A new study published in the journal of Minerva Cardioangiologica says that Pycnogenol, pine bark extract from the French maritime pine tree, reduces jetlag in passengers by nearly 50 percent. The two-part study, consisting of a brain CT scan and a scoring system, showed Pycnogenol lowered symptoms of jetlag such as fatigue, headaches, insomnia and brain edema (swelling) in both healthy individuals and hypertensive patients. Passengers also experienced minimal lower leg edema, a common condition associated with long flights.
Jetlag, also called desynchronosis, is a temporary disorder that causes a variety of temporary mental and physical impairments as a result of air travel across time zones – common in flights to Asia and Europe, but also observed in travelers between West and East coast. It is caused due to the body's inability to immediately adjust to the time in a different zone while travelling. As the body struggles to cope with the new schedule, temporary conditions such as insomnia, fatigue, irritability and an impaired ability to concentrate may set in.
"This study could not have come at a better time for the upcoming holiday travel season," said Dr. Gianni Belcaro, a lead researcher of the study. Belcaro attributes Pycnogenol's combined activities for better circulation and antioxidant potency to such remarkable results. "Previous Pycnogenol flight studies have shown a reduction in jetlag; however this was the first study to solely focus on the condition."
The study, conducted at the G. D'Annunzio University in Pescara, Italy, consisted of 133 passengers who took flights that were seven to nine hours in length. Fifty mg of oral Pycnogenol was administered three times daily, for seven days, starting two days prior to the flight.
Patients in the first part of the study were evaluated with a rating scale consisting of a scoring system. Thirty-eight Pycnogenol-treated and 30 control patients were rated on the most common complaints of jetlag: dehydration and loss of appetite; headaches and/or sinus irritation; fatigue; disorientation and/or grogginess; nausea and/or upset stomach; insomnia and/or highly irregular sleep patterns; irritability; irrational behavior; alternation in mental performance (easy crossword); alternations in general wellbeing; hours of duration of any signs/symptoms; and nights of altered/disturbed sleep. Observations were measured and taken within 48 hours after the end of the flights. Results showed a significantly lower score (56 percent) in the Pycnogenol group for all items rated, amounting in a significant reduction of all jetlag signs and symptoms. Moreover, symptoms lasted only for an average of 18.2 hours in the Pycnogenol group as compared to 39.3 hours in the control group.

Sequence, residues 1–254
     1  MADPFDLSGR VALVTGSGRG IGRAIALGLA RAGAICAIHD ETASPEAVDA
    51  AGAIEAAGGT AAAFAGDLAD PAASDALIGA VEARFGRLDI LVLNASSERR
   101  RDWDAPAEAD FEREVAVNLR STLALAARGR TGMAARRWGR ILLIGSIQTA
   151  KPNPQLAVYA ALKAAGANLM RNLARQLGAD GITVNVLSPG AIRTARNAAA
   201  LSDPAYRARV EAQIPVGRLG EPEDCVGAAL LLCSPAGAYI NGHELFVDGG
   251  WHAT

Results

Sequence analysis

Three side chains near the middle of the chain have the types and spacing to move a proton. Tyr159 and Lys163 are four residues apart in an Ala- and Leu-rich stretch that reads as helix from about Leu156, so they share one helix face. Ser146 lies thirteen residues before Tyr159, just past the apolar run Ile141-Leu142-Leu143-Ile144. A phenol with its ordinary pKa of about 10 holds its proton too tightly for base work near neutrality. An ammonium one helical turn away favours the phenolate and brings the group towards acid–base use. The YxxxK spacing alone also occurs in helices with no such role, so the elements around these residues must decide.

In a second group of flight passengers, a brain CT scan was performed after the flight in order to assess brain alterations after flights. The study consisted of 34 Pycnogenol-treated patients and 31 controlled patients. Jetlag symptoms were evaluated using a rating scale providing scores according to the severity. The first observation was performed within 28 hours from the end of the flight. Sleep alterations, short-term memory alterations, disorientation, neurological signs/symptoms of instability, anxiety, minor cardiac alterations (heart rate, blood pressure), lower limb swelling, fatigue and other, a-specific signs/symptoms (cramps, joints/muscular pain, blurred vision, vertigo, mild sickness, increase in body temperature, appetite loss, headache, mild tongue swelling) were all significantly lower by in average 61.5% in the Pycnogenol group compared to the untreated control group.
"This is the first study describing diffuse subliminal swellings of the brain after long haul flights, which we found to be reduced to less than half in the Pycnogenol group," said Dr. Belcaro
"I'm encouraged by the results of the study as Pycnogenol was effective in preventing jetlag related effects without any side-effects," said Dr. Belcaro. While more research needs to be conducted on this topic, Pycnogenol is emerging as natural, yet safe option for long distance travelers.
Pycnogenol has been shown to be beneficial for flight travel in previous studies pertaining to edema, deep vein thrombosis (DVT) and blood circulation improvement. A study published in Clinical Applied Thrombosis/Hemostasis recorded passengers supplementing with Pycnogenol on long distance flights lasting 7-12 hours were significantly protected from thrombotic events, complications resulting from deep vein thrombosis (DVT) and superficial vein thrombosis (SVT). In 2005, a study published in Clinical and Applied Thrombosis/Hemostasis showed Pycnogenol to be effective in reducing leg and ankle swelling (edema) during long airplane flights lasting seven to 12 hours.
- PHYSICAL SCIENCES
- EARTH SCIENCES
- LIFE SCIENCES
- SOCIAL SCIENCES
Subscribe to the newsletter
Stay in touch with the scientific world!
Know Science And Want To Write?
- No, Earth's Magnetic Field Is Not About To Flip
- Our Ethical Responsibilities To Baby Terraformed Worlds - Like Parents
- Supersymmetry Is About To Be Discovered, Kane Says
- Anomaly! - A Different Particle Physics Book
- At The Edge Of Vision: Struggling To Make Sense Of Our Cluttered World
- Like Human Civilization? Thank Our Evil Side
- Patient Deaths Do Not Increase During Doctor Strikes
- "I know. Quite a craze of them. All the ones I've seen are astronomical nonsense. And the photos..."
- "just go on youtube and type nibiru in there are thousands of videos wether they are true or not..."
- "I'd advise to stay clear of Before it's news if you are easily scared by stories like this. It's..."
- "They just do. There have been at least two other doomsday predictions so far this year. Presumably..."
- "The main road tunnel into Heathrow Airport was blocked this morning, by five environmental activists..."